Analysing narratives

understanding how stories are told

What is analysing narratives?

Analysing narratives is making a critical assessment of features in a piece of work. This activity goes from making a detailed inspection of grammar and vocabulary, to offering judgements on major issues such as structure and genre.

A narrative is the account of a sequence of events. It’s the term used to describe the whole of a story, a tale, or even a process.

The term is used mainly in literary studies when discussing major genres such as the short story, the novella, and the novel. There are also narrative poems – such as Robert Browning’s The Pied Piper of Hamelin (1842).

A narrative is an account which has a discernable beginning, includes a sequence of events, and an outcome or a conclusion.


Narratives and media

The term narrative is also used for non-literary works. In such cases its used in a general and neutral sense, when the work does not have the consciously engineered structure of written works such as the short story or the novel.

For instance, any of the following can be considered narratives:

  • A newspaper report of a natural disaster such as a volcanic eruption
  • A television documentary covering the whole of a general election
  • The description of a manufacturing process such as car production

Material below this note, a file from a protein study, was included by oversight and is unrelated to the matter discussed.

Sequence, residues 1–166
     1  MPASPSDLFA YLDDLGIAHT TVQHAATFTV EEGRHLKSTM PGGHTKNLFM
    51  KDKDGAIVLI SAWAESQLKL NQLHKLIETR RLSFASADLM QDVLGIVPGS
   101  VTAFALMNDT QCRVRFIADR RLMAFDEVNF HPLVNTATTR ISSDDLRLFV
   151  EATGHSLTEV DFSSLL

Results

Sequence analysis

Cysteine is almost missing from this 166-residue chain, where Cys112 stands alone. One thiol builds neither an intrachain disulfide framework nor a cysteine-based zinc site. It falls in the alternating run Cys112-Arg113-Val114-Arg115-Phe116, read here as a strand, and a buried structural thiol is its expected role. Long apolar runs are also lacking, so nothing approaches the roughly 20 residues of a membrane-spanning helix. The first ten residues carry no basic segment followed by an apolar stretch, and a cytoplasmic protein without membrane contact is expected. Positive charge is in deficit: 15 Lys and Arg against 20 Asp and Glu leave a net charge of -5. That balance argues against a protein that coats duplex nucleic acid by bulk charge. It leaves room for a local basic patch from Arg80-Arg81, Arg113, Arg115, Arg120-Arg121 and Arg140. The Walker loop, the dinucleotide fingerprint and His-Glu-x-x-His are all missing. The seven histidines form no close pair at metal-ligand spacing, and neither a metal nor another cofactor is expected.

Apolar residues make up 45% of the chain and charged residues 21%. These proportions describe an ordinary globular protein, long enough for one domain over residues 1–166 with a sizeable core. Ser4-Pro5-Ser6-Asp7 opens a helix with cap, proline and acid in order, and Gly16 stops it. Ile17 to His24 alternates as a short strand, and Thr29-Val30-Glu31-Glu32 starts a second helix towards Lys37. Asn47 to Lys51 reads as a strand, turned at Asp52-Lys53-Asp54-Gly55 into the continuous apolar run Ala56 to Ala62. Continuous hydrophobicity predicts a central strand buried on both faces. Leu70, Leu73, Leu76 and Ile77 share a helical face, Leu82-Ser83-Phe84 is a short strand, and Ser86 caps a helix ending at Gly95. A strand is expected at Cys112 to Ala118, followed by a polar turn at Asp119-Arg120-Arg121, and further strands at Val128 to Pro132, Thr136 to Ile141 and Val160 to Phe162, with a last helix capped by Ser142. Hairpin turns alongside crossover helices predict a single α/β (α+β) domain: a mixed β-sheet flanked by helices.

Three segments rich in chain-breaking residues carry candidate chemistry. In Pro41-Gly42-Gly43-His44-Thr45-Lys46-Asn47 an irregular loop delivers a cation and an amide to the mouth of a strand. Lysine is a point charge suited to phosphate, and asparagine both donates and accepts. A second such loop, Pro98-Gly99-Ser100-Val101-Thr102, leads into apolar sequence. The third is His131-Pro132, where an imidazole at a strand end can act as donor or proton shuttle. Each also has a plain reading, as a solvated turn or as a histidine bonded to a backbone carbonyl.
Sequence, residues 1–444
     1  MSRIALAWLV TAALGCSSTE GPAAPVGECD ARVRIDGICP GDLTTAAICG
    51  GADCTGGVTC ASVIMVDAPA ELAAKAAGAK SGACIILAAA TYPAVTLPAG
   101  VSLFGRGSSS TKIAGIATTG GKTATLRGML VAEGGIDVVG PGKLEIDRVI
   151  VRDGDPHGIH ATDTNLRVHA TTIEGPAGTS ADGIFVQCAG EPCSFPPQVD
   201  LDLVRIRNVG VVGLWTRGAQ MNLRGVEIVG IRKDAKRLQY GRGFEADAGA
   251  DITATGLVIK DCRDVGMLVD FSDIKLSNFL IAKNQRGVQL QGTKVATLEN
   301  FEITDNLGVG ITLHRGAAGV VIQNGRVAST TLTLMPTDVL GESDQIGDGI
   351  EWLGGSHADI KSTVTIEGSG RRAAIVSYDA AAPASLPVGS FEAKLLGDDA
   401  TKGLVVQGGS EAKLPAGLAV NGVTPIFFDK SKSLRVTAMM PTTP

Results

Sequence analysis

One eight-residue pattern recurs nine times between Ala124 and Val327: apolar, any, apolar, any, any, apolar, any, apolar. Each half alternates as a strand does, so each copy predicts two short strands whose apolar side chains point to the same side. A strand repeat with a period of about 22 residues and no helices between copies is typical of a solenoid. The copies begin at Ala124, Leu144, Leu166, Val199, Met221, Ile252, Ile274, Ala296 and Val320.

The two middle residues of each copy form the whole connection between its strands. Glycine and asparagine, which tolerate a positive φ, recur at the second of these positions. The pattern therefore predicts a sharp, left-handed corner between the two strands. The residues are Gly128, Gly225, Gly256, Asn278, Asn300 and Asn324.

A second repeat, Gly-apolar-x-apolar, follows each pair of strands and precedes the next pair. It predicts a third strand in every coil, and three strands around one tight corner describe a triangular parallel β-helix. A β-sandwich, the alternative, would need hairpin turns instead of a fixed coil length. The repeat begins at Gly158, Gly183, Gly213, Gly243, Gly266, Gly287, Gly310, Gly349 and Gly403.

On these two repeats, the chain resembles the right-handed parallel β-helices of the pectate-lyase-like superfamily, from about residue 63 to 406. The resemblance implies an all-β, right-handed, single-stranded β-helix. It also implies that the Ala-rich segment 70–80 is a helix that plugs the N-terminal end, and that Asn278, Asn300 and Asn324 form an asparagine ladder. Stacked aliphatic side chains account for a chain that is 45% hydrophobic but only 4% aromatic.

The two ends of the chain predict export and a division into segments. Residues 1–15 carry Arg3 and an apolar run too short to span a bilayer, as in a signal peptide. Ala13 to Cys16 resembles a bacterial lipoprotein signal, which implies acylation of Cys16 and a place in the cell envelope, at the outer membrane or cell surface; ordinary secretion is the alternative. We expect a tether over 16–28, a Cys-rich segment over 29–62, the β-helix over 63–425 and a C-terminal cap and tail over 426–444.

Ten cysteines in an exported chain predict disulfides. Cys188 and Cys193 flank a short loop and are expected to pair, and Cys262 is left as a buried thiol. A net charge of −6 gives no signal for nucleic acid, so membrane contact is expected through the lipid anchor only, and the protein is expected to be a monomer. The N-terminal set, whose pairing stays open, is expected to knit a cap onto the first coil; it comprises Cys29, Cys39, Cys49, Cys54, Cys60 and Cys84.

The analysis of narratives is a form of study which arose in literary studies, and has been continued in related cultural fields of media studies such as film, television, and even computer games.

It is even possible to have narrative paintings. The Bayeaux Tapestries for instance provide an account of the Battle of Hastings in 1066, depicting a sequence of its key events, but all presented simultaneously within one frame.

Bayeux Tapestry - analysing narratives

The language of narratives

The term narrative is used to described the whole of the piece of writing or the sequence of its events – as in

The narrative of Great Expectations is one in which Dickens combines all his favourite themes and unites them with a complex plot which is full of dramatic suspense.

The term story is used to describe the content of the narrative – as in

The story of Great Expectations is one of a young boy from a humble country background who becomes a London gentleman. In doing so he loses his moral sense – only to recover himself through painful scenes of redemption.